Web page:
Ghost World is based on Daniel Clowes graphic novel and as directed by Crumb director Terry Zwigoff, is a charming and sometimes funny study of two offbeat young girls at a crucial point in their lives. Birch and Johansson are good and work well together, thought the film focuses more on the cynical Enid and her sarcastic view of those around her. Buscemi is charming as the nerdy and shy Seymour and succeeds in making the character sympathetic and likable when he could have been very creepy. Zwigoff takes us on a strange journey as these characters find their own paths through their interaction with each other and while some may not like the ambiguous end, it does fit the tone of the film. Not for everyone, but for those who enjoy the offbeat and different, Ghost World is an entertaining little movie.
Moderately amusing and heavily cliché’d flick has selfish businessman, Dax (WWE superstar Mike “The Miz” Mizanin) out of a job and being tested for a new one by mysterious woman, Billie (AnnaLynne McCord). It turns out Billie is one of Santa’s elves and old St. Nick (Eric Keenleyside) needs a new right hand man and based on his kind-hearted youth, feels Dax is the one to be his new “Ho Ho”…not making that up. Standing in Dax’s way is ambitious and arrogant elf, Eleanor (WWE superstar Paige) who is outraged that a normal human is being courted for the job and not her…and vows to stop him.
Silly flick has it’s amusing moments, but is so cliché that it needed a lot more entertainment value to overlook it’s extremely familiar story from James Robert Johnston and Bennett Yellin’s script. As directed by Gil Junger it is very-by-the numbers and only McCord’s adorable perkiness adds some life. Both Mizanin and Paige seem to just be playing versions of their WWE ring persona’s and the film doesn’t try hard enough to give itself some real Christmas spirit. Completely bland and forgettable, but not without some small amount of charm…probably more due to watching it during the Christmas season than the film itself. At least the girls were cute.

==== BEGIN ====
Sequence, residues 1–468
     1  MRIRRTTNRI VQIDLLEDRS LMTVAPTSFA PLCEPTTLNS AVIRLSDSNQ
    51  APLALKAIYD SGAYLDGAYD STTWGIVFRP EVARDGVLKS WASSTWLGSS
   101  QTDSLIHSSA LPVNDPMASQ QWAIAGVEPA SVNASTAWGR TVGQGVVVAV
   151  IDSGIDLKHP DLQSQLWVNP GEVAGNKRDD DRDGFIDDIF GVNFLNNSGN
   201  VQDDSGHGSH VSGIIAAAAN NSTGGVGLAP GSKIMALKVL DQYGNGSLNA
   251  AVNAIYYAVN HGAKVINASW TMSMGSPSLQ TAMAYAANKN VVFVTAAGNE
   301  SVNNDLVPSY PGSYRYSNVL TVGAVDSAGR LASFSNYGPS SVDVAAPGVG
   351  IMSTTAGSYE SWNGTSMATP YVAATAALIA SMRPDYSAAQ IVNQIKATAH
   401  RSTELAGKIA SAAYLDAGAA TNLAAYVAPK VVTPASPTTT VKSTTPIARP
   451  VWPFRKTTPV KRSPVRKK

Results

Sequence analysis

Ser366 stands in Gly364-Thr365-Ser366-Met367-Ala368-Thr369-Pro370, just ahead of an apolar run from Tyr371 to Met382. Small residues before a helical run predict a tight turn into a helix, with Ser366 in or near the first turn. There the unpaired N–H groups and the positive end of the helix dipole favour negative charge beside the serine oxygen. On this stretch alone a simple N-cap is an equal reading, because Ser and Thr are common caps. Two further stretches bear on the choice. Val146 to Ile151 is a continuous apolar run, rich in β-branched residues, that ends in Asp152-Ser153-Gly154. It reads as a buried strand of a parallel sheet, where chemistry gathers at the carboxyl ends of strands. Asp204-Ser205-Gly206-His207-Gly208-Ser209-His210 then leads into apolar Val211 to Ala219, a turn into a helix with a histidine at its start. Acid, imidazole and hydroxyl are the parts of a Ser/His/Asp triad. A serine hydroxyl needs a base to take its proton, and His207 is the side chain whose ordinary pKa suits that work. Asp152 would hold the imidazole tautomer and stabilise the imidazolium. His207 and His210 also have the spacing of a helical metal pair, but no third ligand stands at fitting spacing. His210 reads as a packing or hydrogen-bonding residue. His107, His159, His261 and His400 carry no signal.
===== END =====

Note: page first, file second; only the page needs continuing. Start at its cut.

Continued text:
Kids may find it more amusing, especially if they are fans of Miz and Paige, but after her work in Excision, McCord deserves better.
Sci-fi/horror has psychiatrist Ed (Dean Cates) picking up his alcoholic sister Lyla (Jug Face’s Lauren Ashley Carter) and heading to a remote cabin to check on brother Martin (Brian Morvant). Martin is a paranoid schizophrenic with a history of violence and emotional problems who recently sent Ed an ominous and upsetting message. They arrive to find the house and Martin, in complete disarray with the ex-soldier claiming to have been part of government experiments and that one of those experiments, has followed him there. Does Martin really have a creature locked up in the basement or has he finally lost his mind?
Written and directed by Mickey Keating, this isn’t a bad movie just an extremely familiar one that offers nothing new to this conspiracy type tale told many times before and better…including 2014’s Extraterrestrial. The directing is competent and there are a few suspenseful scenes, but it’s predictable and we’ve seen it so many times before. The acting is decent, though Morvant’s raving gets really tiresome especially since it goes on for over 30 minutes. Worth a look, if you like X-Files flavored stuff, but don’t expect much or anything fresh or new. Also stars indie horror icon Larry Fessenden in a cliché role that I won’t spoil.
Jug Face is a very odd and offbeat low budget horror and while it wasn’t scary or particularly suspenseful, it was unsettling, effective and original. So, as someone who supports and is a big fan of low budget indie horror, especially something unusual and off the beaten path, I did like this little movie for its unique and atmospheric tale.